Photo: Kerry Marshall,
There was a big high, but also some terrible lows... here then are your five flashpoints of week nine of this year’s Super Rugby competition, according to Jacques van der Westhuyzen

Jinne, but these Aussie teams are swak

We’ve known for a while that the five Australian teams are pretty poor and wouldn’t get into the play-offs if that was determined by log points only, but the men from Down Under hit a new low this last weekend. 

Okay, so the Rebels held the Sharks in Durban, but they only scored nine points, and the Force didn’t concede more than 16 points against the Chiefs in Perth, but the Sharks were coming off a bye and were rusty, while the Chiefs are travelling back home after their trip to South Africa.

But what about two of Australia’s supposed strongest teams, the Waratahs and the Brumbies. The Tahs were terrible in losing to the Kings, while the Brumbies gave up a 21-14 lead at half-time to lose 56-21 to the Hurricanes.

Barrett is simply brilliant

Former Crusaders and All Black flyhalf Dan Carter was once considered the best No 10 in the world, and many have even said he is the best flyhalf to have played the game. 

Well, Beauden Barrett is better than Carter and will go down as one of the greatest players of all time. His influence on rugby matches i s unmatched and while Vince Aso scored a hat-trick of tries against the Brumbies this last weekend, it was Barrett who stole the show. Again. 

His linebreaks and attacking kicks are in a league of their own, but it’s his reading of the game that stands out above everything else ... he just knows what to do every time he touches the ball. Brilliant.

Crusaders in another league

There was Robbie Deans, there was Todd Blackadder and now there is Scott Robertson ... it makes little difference who is in charge of the Crusaders, they still play the same attack-minded rugby they did years ago when they dominated the competition.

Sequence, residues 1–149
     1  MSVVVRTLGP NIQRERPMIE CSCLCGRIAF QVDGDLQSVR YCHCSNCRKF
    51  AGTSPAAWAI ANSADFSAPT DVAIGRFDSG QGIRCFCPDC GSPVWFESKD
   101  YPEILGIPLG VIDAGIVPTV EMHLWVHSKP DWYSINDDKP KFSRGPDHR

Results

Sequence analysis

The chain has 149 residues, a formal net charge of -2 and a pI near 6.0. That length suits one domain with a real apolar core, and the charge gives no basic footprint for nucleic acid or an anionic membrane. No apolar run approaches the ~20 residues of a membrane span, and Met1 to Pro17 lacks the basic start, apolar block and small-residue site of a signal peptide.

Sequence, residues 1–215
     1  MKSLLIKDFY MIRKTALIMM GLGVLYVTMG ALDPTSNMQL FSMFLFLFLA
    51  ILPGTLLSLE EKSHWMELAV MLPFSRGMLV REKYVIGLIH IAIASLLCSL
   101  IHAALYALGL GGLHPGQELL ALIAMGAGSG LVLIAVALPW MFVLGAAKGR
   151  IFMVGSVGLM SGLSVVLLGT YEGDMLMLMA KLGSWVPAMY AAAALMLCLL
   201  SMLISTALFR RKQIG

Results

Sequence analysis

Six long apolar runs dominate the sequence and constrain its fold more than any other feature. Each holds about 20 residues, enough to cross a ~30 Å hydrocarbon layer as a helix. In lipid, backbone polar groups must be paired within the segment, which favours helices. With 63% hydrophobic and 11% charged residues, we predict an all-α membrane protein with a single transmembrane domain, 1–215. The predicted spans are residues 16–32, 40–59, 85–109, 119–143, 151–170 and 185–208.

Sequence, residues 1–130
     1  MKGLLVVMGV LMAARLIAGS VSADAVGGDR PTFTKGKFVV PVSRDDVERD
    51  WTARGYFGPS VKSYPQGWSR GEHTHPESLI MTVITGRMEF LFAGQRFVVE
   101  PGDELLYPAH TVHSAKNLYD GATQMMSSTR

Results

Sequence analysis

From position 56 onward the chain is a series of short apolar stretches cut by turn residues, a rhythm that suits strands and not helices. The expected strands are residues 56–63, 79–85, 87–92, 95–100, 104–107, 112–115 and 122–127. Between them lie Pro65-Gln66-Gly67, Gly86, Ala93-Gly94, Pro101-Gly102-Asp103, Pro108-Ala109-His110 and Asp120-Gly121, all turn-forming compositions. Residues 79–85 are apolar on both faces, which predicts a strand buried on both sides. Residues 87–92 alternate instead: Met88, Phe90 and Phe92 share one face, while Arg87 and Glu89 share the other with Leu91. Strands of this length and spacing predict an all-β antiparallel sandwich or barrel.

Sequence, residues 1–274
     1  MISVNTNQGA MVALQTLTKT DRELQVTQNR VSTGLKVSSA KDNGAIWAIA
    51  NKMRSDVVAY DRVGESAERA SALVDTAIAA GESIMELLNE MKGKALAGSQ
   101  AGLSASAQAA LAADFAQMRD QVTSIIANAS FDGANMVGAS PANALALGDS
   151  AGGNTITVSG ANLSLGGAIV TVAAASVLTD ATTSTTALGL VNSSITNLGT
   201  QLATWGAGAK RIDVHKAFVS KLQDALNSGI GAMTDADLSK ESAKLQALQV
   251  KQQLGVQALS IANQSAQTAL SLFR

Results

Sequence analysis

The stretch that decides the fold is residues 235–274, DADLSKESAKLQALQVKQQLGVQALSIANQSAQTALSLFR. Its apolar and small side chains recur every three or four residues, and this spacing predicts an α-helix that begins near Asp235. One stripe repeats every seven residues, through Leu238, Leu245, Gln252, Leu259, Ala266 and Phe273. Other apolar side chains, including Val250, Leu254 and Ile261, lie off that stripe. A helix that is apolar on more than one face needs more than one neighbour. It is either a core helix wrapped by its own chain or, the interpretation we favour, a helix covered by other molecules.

The men from Christchurch may not have won the Super Rugby title in a few years, but they look every bit a champion team as this year’s competition hits the halfway point.

Well done, wonderful Kings

Okay, let’s first state very clearly that the Waratahs were horribly poor in their home match against arguably South Africa’s weakest side, but let’s also take nothing away from the Kings, and that means their players and the coaching staff. 

No one gave them a chance to beat the former champions in Sydney, but they played with fire in their bellies and never stood back for anything and deservedly triumphed 26-24 for only their second win this season. 

They are a side without a sponsor, there are concerns about their future participation in the competition and they do not have great depth, but they’re a team that play for 80 minutes, they care for each other and they just want to play rugby ... and you can’t ask for more than that.

What a Sharks shocker

The Bulls’ 20-14 win against the Cheetahs was a rather poor advertisement for Super Rugby but it was still far better than the horror show produced in Durban in the late game on Saturday. The 9-9 draw reminded one of that other shocker involving the Sharks a good few years ago now when they faced the Reds in Durban, too, and won 6-3. 

The fact neither side scored a try tells the full story ... it was a snore-fest best forgotten very quickly; it’s no surprise many feel Super Rugby is no longer very super. Anyhow, the Sharks had their chances, but poor option-taking (read, quick-tap penalties) cost them dearly, as did the red-carding of Andre Esterhuizen, who can expect to spend several weeks sidelined.


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The Star

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